Given the potential of the Walter Reed scandal to wreak havoc with the GOP's pro-soldier image (see post below), the Bush administration was probably hoping today that some hot story would come along to dominate the news cycle. Something fresh for the cable news vultures to feast upon. Something to change the subject and distract the public.
Hey, how about this one: Dick Cheney's former top aide convicted on four counts of perjury and obstruction of justice.
That's probably not what the White House had in mind, so maybe there's something else out there...
OK, how about this one: Federal prosecutors fired by the Bush administration claim they were pushed out for partisan political reasons.
That's the other big one today, courtesy of congressional hearings. Again, not the ideal distraction, from the Bush team's point of view, but symptomatic of the president's woes at this point in his lame-duck tenure. Surely there must be a fresh angle in the Anna Nicole Smith saga.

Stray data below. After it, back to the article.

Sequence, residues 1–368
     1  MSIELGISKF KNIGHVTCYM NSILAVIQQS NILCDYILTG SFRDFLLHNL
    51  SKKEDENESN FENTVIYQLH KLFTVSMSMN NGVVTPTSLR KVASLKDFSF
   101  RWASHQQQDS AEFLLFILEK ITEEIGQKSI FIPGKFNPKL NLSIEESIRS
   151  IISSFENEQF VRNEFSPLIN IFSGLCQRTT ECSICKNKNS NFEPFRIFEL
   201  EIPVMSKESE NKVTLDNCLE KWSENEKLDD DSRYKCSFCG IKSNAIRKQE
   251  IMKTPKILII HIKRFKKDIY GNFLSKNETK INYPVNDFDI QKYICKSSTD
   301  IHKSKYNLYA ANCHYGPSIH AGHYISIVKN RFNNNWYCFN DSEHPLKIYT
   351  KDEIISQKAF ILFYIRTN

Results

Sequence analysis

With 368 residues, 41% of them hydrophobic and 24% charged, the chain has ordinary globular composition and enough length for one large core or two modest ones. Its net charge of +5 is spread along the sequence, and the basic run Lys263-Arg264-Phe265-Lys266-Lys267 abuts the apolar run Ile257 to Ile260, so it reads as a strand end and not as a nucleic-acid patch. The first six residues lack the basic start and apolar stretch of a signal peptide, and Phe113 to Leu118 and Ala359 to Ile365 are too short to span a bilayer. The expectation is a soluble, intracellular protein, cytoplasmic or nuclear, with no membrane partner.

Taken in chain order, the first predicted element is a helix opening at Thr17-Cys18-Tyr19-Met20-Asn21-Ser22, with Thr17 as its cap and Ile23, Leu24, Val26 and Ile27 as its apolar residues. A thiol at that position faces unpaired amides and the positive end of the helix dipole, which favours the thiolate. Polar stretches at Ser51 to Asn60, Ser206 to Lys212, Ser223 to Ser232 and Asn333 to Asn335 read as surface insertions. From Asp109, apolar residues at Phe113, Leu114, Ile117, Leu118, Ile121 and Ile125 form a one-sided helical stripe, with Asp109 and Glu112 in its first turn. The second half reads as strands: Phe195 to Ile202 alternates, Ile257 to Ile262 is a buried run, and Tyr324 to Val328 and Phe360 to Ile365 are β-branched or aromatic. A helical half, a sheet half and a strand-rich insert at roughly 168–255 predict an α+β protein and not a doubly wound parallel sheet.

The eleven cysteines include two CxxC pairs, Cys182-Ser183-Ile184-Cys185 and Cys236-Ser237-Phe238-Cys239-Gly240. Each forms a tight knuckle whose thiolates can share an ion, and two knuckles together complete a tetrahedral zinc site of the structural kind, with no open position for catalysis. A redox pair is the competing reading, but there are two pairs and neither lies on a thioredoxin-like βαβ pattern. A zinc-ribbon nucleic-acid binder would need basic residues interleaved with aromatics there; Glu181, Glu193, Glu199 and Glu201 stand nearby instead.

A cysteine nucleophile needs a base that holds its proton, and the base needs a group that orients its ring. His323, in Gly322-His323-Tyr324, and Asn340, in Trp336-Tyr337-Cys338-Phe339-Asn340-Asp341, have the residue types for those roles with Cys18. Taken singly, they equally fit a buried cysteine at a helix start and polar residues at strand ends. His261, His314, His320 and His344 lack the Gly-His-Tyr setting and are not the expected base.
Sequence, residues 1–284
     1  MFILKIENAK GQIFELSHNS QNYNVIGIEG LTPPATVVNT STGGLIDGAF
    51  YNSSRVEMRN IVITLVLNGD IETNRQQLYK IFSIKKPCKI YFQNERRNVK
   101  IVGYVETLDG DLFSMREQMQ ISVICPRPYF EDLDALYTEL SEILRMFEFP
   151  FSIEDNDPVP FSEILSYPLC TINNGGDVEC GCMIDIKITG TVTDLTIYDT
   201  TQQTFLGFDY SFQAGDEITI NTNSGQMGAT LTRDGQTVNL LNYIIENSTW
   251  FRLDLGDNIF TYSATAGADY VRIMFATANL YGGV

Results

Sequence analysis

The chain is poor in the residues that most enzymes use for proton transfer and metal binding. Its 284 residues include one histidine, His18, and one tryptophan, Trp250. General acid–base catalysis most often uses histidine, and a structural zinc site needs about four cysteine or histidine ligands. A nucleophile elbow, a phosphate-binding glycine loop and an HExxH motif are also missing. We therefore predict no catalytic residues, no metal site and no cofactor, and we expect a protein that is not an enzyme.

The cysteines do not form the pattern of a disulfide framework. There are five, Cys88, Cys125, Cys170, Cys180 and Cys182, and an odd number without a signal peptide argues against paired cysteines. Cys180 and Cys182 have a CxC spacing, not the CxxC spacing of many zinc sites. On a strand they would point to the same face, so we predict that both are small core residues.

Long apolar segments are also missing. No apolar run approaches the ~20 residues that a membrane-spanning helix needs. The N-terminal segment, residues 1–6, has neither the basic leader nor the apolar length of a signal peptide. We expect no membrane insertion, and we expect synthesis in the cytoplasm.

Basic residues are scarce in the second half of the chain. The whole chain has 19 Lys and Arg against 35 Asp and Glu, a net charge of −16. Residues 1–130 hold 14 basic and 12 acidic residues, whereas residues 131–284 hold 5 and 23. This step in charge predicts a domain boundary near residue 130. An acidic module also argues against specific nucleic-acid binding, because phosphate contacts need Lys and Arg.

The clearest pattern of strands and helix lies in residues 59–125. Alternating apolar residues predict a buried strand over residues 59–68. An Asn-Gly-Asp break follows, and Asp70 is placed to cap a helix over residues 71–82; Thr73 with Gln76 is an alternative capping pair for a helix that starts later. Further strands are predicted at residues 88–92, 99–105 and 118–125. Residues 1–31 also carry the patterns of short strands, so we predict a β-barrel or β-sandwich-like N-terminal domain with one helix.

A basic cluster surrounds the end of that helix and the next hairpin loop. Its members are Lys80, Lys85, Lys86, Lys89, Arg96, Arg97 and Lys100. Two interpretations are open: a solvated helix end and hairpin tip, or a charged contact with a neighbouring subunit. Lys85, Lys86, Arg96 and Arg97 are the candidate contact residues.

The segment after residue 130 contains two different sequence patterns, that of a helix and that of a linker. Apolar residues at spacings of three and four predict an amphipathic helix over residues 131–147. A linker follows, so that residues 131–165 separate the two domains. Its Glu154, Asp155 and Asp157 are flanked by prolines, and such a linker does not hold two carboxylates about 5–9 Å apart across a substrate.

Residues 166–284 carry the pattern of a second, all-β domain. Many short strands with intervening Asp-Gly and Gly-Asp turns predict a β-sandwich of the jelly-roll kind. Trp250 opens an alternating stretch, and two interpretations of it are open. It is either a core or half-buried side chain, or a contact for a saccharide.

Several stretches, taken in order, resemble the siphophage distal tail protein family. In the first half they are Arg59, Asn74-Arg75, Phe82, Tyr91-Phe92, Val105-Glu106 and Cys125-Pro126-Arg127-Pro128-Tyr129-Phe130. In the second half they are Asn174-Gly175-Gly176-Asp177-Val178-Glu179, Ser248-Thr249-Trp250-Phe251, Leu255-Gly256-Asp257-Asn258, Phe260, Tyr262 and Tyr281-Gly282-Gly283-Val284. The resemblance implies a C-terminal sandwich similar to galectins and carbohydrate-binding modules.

The Scooter Libby perjury conviction, by itself, is not a major story to average Americans living their lives outside the Washington Beltway. I would bet that there aren't more than a relative handful of citizens who can recite exactly who Libby spoke to and when, and what it was that he conveniently misremembered. But the details don't matter. What counts is the shorthand: that the vice president's top guy got nailed in court for a scheme to discredit a critic of the unpopular Iraq war. What counts is the war, and, for a lot of Americans, this court conviction is merely further evidence of how - from inception to execution - it has gone wrong.
Next up: Will Bush pardon the guy? Some conservatives are already pushing for a pardon, but will elected Republicans nervous about 2008 join that particularly crusade?
Indeed, when you stack the Libby conviction with all the other headaches that have occurred since Bush's re-election - Katrina, Harriet Miers, the Dubai ports episode, and now Walter Reed and the rapidly growing federal prosecutors story - it's no wonder that Republicans are a tad anxious about the mood of swing voters in advance of the '08 elections.
But don't take it from me. Let conservative commentator Jim Geraghty pose the rhetorical question: "Even if you like this president, even if you’re pulling for him, even if you think his heart is in the right place...is there any way this presidency doesn't look pretty disastrous at this moment?"